Amorphis

Gutvoid – Durance of Lightless Horizons Review

Gutvoid – Durance of Lightless Horizons Review

“A young act’s debut full-length can be exciting on many levels. You are there at the birth of something, the leaping off point for a career of unknown fortunes. Sometimes you can smell greatness even on the earliest works, and other times humble beginnings offer no hint of the great things to come. The promo material for Toronto’s Gutvoid aren’t shy about promising big things for this upstart death metal outfit. Words like “titanic” and “stellar” are dropped and much hype is created for Durance of Lightless Horizons. And there is some truth in the PR puffery (for once).” Durance of elevated expectations.

Horizon Ignited – Towards the Dying Lands Review

Horizon Ignited – Towards the Dying Lands Review

“”It’s been a while since I’ve enjoyed some good ol’ melodeath,” so thought I as I opted to review Towards the Dying Lands, the sophomore full-length release from Finland’s Horizon Ignited. And, indeed, it has been—I feel like it’s been forever since I’ve really enjoyed new melodeath. And, of course, my well-meaning colleagues and cellmates here at Angry Metal Guy do tend to descend on all new melodeath entries like vultures, so I often have to rely on their opinions about new releases in the style, which are of dubious quality at best. All of this is to say I was fairly excited to begin listening to Towards the Dying Lands, which, it turns out, is a solid sample of the genre.” Melo bellows.

Record(s) o’ the Month – March 2022

Record(s) o’ the Month – March 2022

One of the problems with the Record(s) o’ the Month post is that I, apparently, cannot escape the glass cage of emotion that has been my life for a few years. Unfortunately, said glass cage doesn’t have an internet connection and that makes it difficult to keep up with everything. In reality, Record o’ the Month posts take a lot of work. So, I’m here to fix that! March is hardly done and I’m posting the Record(s) o’ the Month!

Cryptivore – Celestial Extinction Review

Cryptivore – Celestial Extinction Review

“Nasty things can happen in the blink of an eye. A stroke, a car accident, a sucker punch that leaves you concussed and picking up teeth like so many spilled Tic Tacs… now feel free to add the songs of Cryptivore to that list of fleeting but brutal mishaps. Celestial Extinction delivers ten tracks in twenty-seven minutes, each one of which wastes no time beating your ass bloody and then fleeing the scene before anyone can hold it accountable. This is mixed martial songwriting, a blitzkrieg of techniques and styles designed to probe your feeble defenses until something yields.” You are what you beat.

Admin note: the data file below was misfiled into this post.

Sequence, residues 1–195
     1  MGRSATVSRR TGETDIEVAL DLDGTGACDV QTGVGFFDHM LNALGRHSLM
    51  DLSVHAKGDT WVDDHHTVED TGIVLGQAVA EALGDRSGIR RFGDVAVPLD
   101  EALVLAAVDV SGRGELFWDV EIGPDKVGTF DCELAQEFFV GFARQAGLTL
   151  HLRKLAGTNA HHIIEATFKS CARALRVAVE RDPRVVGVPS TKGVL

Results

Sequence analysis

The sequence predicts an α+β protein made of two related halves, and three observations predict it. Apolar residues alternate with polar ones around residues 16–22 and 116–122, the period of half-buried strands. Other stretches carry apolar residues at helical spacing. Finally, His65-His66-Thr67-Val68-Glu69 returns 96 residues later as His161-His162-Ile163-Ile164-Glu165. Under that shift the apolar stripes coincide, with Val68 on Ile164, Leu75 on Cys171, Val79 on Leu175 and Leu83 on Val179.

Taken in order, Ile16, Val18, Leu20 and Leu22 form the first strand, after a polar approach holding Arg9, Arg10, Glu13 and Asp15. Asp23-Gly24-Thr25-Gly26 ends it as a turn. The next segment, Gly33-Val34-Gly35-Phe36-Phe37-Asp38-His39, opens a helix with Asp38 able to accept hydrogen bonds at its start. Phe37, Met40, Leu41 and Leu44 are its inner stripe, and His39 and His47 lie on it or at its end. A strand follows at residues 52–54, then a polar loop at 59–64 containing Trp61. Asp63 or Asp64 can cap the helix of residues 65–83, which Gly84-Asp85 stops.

Amorphis – Halo Review

Amorphis – Halo Review

Halo is Amorphis’s 14th studio album and 2022 marks the 30th anniversary since The Karelian Isthmus first graced this world, and at this point, Amorphis sounds like no one but Amorphis. After 30 years of Amorphis, will they ever bow before the might of Angry Metal Guy’s Law of Diminishing Recordings?

Polemicist – Return of the Sophist Review

Polemicist – Return of the Sophist Review

“Two years ago, due to the vulture-like voracity of my colleagues here towards the eternally decomposing corpse that is our promo bin, I discovered Zarathustrian Impressions, the debut album from Pennsylvanian blackened death scholars Polemicist solely on the fact that it was the last album not snatched up by my ravenous cohorts. It would be my colleagues’ loss, because despite being a back-heavy album with a questionable production, I was still impressed by what they had to offer musically, and even commented that they could very likely cast all eyes on them within a couple of albums.” The future is now, olde man!

Ischemic – Ischemic Review

Ischemic – Ischemic Review

“As 2021 continues to be the DLC to 2020 that absolutely nobody asked for or wanted, bands are using the downtime due to lack of touring and promotion to work diligently on their musical output. Some bands, such as Toronto’s Ischemic, are even going as far as to record and mix their own music, further driving home the fact that DIY can’t, and won’t, be stopped. Not by pandemics, not by lockdowns, not by lack of touring. It’s this admirable and, quite frankly, necessary approach that will eventually separate the diehards from the pack, and on the band’s self-titled second full-length, they didn’t let the pandemic get in the way.” Crisis management.